Ill or sick?

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Pay attention

Post by Pirate » Thu Mar 18, 2004 5:46 am

Hey everyone

Well it's good to see that u are helping each other in English. But plz remember that this is NOT a place for chatting, even in ur own topic(s). You can contact ur friends by private messages, or by emails, etc (look at the contact information).

And u, Gina it's possible to edit ur own posts.

By the way talking about ill and sick, there is a bit difference in the way we use them.
You can say
I'm sick of something/someone.
S/he makes me sick.

'ill' is not often used in these cases. 'Ill' is somehow quite physical.

Actually there's a place for asking English problems and it's the more right place than here.

It's great to see all of you filling the forum. But just take room for English here, okay? :wink:

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Post by Mandy2 » Thu Mar 18, 2004 7:39 pm

I was thinking about the usage of sick/ill also and went ahead to ask a native speaker from Texas.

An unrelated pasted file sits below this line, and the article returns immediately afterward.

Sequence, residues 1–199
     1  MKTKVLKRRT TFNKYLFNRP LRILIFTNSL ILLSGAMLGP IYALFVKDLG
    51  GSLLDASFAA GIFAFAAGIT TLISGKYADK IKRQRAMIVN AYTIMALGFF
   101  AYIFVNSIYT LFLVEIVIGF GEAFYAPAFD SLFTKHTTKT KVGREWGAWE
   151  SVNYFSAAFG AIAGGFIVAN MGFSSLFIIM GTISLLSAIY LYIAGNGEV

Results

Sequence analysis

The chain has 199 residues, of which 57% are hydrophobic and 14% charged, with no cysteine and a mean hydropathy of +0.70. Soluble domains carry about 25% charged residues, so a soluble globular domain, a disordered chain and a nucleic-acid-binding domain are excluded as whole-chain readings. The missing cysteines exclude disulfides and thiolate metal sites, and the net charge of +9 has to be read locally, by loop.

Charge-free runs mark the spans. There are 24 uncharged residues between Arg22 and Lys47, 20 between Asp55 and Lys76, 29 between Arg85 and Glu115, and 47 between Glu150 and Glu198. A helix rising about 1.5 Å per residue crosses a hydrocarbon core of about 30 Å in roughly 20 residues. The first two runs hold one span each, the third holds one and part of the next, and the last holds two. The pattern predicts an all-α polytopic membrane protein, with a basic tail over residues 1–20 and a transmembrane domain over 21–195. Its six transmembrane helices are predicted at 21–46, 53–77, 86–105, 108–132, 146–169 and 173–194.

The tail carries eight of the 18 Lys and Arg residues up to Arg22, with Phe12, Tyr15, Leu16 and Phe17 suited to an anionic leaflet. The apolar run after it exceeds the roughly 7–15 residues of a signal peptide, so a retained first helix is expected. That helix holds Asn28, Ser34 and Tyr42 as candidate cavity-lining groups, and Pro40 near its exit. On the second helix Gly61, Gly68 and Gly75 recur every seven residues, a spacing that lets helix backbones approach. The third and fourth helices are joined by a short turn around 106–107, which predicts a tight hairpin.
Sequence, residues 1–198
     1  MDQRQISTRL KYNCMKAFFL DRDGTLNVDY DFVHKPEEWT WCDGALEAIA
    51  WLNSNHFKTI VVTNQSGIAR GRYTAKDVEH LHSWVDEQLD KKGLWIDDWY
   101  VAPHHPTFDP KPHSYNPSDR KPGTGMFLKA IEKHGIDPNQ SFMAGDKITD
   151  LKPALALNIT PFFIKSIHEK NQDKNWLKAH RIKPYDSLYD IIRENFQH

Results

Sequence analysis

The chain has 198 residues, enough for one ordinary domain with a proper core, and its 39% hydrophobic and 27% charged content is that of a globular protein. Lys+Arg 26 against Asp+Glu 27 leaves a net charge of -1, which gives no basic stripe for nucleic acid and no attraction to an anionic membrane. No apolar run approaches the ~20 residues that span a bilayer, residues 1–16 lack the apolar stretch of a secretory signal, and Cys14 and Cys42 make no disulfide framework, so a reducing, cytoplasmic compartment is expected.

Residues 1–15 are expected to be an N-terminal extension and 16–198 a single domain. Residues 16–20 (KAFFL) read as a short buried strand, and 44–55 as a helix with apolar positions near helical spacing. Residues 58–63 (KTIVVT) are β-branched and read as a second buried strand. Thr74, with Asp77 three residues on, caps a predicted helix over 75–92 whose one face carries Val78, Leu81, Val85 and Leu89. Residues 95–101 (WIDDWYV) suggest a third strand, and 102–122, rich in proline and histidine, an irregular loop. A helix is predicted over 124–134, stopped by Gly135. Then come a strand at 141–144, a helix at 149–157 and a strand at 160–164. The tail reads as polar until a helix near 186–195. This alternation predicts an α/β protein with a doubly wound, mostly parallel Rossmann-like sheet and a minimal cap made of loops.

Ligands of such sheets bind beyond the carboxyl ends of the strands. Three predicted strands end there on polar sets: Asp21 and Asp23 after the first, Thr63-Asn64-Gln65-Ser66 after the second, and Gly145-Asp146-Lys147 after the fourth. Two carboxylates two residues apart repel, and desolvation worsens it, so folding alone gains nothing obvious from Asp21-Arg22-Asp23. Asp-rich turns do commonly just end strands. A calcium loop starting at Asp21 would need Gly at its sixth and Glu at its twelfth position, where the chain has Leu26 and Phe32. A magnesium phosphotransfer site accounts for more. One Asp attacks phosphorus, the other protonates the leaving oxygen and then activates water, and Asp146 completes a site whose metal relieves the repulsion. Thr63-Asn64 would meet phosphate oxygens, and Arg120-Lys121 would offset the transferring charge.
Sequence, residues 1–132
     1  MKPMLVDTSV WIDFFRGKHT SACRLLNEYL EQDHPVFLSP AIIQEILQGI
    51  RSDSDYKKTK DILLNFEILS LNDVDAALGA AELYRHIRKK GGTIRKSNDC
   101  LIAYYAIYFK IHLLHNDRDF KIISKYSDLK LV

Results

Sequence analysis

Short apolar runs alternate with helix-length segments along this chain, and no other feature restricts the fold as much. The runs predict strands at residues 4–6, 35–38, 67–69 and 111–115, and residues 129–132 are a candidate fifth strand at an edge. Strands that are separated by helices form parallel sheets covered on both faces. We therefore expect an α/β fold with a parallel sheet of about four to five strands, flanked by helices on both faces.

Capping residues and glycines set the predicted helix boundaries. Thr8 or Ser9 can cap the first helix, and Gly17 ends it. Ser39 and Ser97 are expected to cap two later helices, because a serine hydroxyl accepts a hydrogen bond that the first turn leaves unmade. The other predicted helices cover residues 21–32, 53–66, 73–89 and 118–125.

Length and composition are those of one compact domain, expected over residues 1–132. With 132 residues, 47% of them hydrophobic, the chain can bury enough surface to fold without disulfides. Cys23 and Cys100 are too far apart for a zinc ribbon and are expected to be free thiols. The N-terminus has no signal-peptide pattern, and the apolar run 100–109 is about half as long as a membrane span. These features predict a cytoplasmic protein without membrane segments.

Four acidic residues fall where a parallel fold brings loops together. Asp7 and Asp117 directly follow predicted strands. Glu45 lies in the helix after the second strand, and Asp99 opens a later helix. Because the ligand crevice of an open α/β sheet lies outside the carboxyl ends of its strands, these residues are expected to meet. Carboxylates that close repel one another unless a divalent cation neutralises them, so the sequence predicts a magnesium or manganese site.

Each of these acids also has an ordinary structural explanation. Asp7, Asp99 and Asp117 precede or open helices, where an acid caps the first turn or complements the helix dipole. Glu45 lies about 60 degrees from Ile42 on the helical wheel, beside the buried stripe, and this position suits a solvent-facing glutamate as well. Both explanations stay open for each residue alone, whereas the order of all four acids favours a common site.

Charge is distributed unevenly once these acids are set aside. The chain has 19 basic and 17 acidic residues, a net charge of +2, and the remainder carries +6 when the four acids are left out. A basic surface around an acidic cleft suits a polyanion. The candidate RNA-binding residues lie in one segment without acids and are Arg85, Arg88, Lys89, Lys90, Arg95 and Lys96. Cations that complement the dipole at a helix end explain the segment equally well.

Here's what he answered:

Here in Texas I think there's no difference however it's my opinion that sick is in much more common use. Ill seems more "polite".


Dear All,
When I hear someone exclaims, "I am sick!", I have the perception that he/she is disgusted, or he/she dislikes something. To say that one is ill, I often hear other expressions, such as "I feel/am/get unwell", or "I am/get/feel under the weather."
Haliman, a non-native speaker.


You are exactly right. I'm sick of this job. I'm sick and tired of
answering your stupid questions. I'm sick of this hot weather.
When it doesn't mean ill we would need more context to give a definition.

I believe Mandy did specify the context to mean medically speaking.
It is used to mean ill. I'm sick and cannot come into work today.
I've been sick all week with the flu.
As far as meaning ill, I'll go with my first response that sick is
more commonly used than ill, at least in Texas. I think in this
context the two words are synonyms.
"I am not feeling well today" and "I'm feeling under the weather
today" would be a feeling of discomfort, not necessarily sick enough to be confined to the bed.
Perhaps sick is used more often because it's a shorter word when spoken than ill which takes longer to pronounce the "L's" than the "K" sound of sick.


Hope this helps.

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